Yet, despite the fact that the NCIS—with the backing of the Justice Department—committed a “troubling” and “unprecedented” act, the appeals court refused to order suppression because it did not believe it was “needed to deter future violations.”

“The government represented at oral argument that the military is already in the process of changing its practices and limiting its participation in civilian law enforcement to conform” to Posse Comitatus Act-like restrictions,” the appeals court recounted. The government argued the court’s finding of a violation was “more than sufficient to deter NCIS agents from engaging in any future investigative efforts of this type.” The Defense Department “adopted new regulations that acknowledge the applicability of [Posse Comitatus Act-like] restrictions to the Navy and to NCIS.”

Considering that, the appeals court decided the government should have the opportunity to “self-correct.” It also added, “The military is best suited to correct this systemic violation, and it has initiated steps to do so.”

This conclusion contrasts with the appeals court’s previous decision, where it stated, “We have here abundant evidence that the violation at issue has occurred repeatedly and frequently, and that the government believes that its conduct is permissible, despite prior cautions by our court and others that military personnel, including NCIS agents, may not enforce the civilian laws.”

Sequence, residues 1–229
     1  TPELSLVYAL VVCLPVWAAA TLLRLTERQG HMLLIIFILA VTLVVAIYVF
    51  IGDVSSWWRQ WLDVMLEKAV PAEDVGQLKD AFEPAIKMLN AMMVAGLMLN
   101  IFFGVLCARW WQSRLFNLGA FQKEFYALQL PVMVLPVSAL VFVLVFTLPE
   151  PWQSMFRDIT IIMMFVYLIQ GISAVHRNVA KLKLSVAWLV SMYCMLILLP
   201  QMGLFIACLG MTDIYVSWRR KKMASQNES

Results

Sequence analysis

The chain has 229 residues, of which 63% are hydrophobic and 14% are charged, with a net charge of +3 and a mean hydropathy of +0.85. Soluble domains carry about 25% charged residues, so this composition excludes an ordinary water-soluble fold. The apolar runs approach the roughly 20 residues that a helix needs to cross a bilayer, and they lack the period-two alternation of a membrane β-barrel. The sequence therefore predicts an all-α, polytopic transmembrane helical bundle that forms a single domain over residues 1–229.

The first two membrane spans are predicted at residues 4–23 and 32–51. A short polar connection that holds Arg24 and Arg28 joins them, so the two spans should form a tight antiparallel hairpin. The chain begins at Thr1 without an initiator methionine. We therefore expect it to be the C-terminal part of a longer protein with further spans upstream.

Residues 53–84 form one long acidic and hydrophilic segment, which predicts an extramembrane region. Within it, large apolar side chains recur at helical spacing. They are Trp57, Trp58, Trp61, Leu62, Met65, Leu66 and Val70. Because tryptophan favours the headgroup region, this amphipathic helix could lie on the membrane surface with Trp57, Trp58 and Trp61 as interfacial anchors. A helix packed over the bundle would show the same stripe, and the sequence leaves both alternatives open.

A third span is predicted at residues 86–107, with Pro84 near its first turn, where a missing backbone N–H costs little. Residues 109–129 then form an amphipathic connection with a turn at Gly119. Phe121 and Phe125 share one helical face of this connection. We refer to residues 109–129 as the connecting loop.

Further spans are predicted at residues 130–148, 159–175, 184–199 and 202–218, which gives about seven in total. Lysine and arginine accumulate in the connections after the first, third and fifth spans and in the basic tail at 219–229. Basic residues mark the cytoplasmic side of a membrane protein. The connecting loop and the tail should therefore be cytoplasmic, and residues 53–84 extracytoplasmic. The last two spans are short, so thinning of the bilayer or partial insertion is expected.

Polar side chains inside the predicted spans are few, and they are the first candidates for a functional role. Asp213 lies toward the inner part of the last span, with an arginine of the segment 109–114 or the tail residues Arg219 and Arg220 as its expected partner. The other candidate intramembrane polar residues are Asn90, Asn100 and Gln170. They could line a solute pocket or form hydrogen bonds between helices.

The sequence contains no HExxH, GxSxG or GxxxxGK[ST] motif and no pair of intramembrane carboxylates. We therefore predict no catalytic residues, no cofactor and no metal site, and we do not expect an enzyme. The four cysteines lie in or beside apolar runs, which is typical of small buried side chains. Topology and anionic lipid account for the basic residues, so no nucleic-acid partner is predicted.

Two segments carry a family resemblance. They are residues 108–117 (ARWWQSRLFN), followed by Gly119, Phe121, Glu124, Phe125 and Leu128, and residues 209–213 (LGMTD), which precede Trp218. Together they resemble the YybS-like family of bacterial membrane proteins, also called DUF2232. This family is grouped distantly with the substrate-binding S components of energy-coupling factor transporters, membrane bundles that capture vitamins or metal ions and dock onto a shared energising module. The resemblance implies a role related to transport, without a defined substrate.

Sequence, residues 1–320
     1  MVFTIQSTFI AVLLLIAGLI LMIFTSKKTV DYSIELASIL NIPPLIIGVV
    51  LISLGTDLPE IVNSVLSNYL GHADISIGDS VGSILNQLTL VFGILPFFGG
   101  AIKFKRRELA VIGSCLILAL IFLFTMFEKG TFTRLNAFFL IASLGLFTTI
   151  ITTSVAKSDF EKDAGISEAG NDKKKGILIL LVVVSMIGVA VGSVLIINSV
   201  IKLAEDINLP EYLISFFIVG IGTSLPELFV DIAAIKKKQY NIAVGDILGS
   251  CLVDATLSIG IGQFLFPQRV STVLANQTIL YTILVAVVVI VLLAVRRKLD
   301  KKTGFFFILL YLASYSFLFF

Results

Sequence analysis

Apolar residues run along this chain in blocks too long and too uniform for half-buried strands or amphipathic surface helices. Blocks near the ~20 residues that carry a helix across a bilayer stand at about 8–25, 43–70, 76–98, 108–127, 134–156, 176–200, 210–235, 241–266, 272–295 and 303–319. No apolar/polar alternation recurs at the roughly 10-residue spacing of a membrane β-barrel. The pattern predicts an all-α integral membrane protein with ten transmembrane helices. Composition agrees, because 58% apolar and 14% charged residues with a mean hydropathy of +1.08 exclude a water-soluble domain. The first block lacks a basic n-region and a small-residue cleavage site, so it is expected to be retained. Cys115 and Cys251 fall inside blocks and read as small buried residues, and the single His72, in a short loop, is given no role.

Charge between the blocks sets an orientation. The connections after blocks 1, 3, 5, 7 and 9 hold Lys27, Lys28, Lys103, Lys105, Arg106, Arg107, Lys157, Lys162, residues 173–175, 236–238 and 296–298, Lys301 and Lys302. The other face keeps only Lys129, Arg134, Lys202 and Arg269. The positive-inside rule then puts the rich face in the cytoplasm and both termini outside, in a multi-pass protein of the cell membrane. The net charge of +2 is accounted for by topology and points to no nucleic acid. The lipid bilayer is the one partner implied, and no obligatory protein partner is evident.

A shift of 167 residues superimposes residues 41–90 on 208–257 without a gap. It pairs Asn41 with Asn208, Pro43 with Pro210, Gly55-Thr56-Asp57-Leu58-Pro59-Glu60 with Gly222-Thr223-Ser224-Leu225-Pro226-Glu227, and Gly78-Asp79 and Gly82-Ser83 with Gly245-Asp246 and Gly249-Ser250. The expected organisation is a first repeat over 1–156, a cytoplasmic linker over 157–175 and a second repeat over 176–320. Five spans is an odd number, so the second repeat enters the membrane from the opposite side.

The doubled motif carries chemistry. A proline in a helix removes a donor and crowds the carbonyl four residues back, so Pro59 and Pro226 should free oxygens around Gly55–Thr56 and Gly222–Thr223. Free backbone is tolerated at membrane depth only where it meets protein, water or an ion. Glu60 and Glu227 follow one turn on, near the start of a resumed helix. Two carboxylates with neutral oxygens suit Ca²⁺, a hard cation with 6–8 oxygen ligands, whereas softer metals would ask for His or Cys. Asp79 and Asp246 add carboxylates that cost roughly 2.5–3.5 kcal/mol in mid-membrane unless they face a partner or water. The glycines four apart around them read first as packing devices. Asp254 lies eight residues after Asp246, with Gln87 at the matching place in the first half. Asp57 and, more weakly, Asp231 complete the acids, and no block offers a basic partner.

In September 2014, the NCIS dragnet surveillance operation was not described as the result of “institutional confusion” but rather the result of massive violations of the law based upon the belief that the military had the authority to monitor criminal activity on any civilian computers in any state with a military base or installation.

Judge Andrew Kleinfeld wrote in a concurring opinion:

… If the military chooses to become a national police force to detect civilians committing civilian crimes, the Navy would be the branch to use, because the criminal penalty does not apply to Navy personnel. Without the criminal penalty, the exclusionary rule is about all that the judiciary has to deter such widespread and repeated Posse Comitatus violations as we have here. Letting a criminal go free to deter national military investigation of civilians is worth it.